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'My life is in someone else's hands': Edmontonian looking online for kidney donor

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An Edmonton woman is making a desperate plea to the public to help save her life.

Laurie Clement started noticing kidney failure symptoms around Christmas of 2010, and by July of 2011 was started on dialysis treatment in Edmonton.

After about nine months, Clement found a match: Her sister donated a kidney in July of 2013.

“Two days after transplant, the disease came back and attacked it,” she explained.

“Now I’m back at square one.”

Clement is back on dialysis with a kidney function of about seven per cent and spends six days a week at the University of Alberta Hospital.

High doses of prednisone, an anti-rejection drug, has led to other health complications. Clement now has holes in her retinas and is considered legally blind.

“I need a kidney and hopefully soon,” she said. “I want to get back to living life.”

'IT'S OUT OF MY CONTROL'

In an attempt to get the word out, Clement posted her donor plea on Facebook.

“Anything to get the word out,” she said.

Within hours of posting, Clement had received dozens of messages from people sharing their story, sending support and others asking how to help.

“It was just boom, boom, boom, constant, within just a couple minutes of it being approved,” she said.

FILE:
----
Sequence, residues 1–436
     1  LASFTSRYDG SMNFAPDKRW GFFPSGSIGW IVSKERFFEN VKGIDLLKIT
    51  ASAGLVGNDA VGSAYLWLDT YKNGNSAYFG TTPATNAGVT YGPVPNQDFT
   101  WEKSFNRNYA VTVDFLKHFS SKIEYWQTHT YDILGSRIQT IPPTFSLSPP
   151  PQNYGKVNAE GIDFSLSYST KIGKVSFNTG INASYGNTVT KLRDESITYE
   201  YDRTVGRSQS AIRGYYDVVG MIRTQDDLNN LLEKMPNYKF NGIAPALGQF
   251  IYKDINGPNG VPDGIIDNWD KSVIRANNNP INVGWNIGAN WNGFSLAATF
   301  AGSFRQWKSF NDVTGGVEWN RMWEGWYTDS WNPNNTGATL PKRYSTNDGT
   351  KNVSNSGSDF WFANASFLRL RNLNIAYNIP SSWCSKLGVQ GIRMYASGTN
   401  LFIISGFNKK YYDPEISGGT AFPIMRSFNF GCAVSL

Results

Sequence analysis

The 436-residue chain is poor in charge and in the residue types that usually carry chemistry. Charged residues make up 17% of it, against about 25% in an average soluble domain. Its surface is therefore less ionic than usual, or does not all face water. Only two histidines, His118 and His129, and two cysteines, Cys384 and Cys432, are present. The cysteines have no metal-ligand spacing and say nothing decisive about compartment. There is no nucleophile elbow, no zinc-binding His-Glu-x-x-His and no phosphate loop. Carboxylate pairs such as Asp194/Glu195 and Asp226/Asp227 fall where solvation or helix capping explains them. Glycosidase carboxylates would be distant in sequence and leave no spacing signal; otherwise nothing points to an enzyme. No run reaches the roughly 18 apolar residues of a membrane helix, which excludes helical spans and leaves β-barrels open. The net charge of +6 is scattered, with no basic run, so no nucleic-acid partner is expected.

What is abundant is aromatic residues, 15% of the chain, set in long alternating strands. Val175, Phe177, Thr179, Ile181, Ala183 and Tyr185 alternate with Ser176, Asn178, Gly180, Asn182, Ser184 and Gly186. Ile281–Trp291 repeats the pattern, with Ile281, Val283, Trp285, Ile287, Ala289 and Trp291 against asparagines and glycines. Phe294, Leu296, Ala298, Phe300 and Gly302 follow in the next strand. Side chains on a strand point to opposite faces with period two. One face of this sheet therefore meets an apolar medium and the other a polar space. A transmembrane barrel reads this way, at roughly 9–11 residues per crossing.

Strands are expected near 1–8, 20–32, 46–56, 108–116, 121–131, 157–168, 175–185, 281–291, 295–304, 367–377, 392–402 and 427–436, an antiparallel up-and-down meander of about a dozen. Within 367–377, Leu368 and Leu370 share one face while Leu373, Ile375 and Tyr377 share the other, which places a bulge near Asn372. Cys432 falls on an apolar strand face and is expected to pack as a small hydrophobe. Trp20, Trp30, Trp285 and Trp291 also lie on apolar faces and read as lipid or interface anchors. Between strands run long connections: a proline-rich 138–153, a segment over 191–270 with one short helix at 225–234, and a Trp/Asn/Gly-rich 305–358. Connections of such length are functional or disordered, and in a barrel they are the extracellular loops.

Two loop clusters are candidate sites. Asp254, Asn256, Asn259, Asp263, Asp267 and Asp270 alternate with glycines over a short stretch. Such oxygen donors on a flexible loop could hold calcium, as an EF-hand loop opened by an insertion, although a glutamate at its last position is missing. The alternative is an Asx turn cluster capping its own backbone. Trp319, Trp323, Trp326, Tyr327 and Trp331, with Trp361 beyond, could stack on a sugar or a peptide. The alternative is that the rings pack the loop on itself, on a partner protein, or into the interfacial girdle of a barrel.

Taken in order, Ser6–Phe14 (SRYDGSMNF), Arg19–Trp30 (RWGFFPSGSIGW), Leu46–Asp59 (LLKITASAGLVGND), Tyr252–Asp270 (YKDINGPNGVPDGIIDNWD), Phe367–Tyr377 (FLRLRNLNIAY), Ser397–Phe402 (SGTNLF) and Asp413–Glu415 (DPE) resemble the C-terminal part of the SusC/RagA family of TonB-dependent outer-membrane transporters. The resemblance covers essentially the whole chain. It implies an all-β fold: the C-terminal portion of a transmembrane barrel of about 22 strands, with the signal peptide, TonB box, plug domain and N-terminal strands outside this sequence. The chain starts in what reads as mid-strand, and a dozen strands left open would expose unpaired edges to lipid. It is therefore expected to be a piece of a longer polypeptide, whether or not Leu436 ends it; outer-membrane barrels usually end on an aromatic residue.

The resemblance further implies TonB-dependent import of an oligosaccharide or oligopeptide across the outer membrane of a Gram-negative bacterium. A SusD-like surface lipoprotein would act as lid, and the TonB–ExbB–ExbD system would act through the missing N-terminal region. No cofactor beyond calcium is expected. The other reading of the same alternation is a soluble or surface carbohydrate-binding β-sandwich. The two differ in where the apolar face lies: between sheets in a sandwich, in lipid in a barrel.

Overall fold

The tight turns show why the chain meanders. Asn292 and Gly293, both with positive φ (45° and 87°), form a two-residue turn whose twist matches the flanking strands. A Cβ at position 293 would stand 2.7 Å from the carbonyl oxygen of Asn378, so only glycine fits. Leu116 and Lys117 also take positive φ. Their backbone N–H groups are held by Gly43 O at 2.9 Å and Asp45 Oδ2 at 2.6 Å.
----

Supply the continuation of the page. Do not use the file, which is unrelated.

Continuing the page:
Clement was taken aback by the community response, recalling how emotional she felt in the moment and even “hopeful" she could one day find a donor.

“It’s out of my control, my life is in someone else’s hands.”

'HOPEFULLY WE'LL FIND A MATCH'

Since the diagnosis, Clement shared that she still has so much to live for and really tries to “embrace life” now as much as possible.

“When this first happened I didn’t think I would be a grandparent,” she explained, taking a long pause to hold back the tears.

“Now I have a five-year-old grandson and I want more of that.”

The massive impact this journey has had on the family weighs heavily on Clement’s mind. She said her kidney disease is “all consuming,” and feels immense guilt about the pressure it’s put on her loved ones.

“There’s actually more bad days than good days,” Steve Clement, her husband explained. “So sometimes she’s in bed almost all day and somebody has to pick up the slack.”

“And do everything,” she added.

“It's part of my vows for better or worse, ‘I love you,’” he said, as he turned to look at her.

“I’ll do whatever I can to do it and hopefully we’ll find a match for you.”

According to Clement, 16 strangers have offered to get tested to see if they’re a match.

“I can take any blood type as long as I have someone who can donate,” she explained.

“It’s not just signing the donor card, it's donating while people are alive.”

For more information on Clement's Facebook post, click here.  

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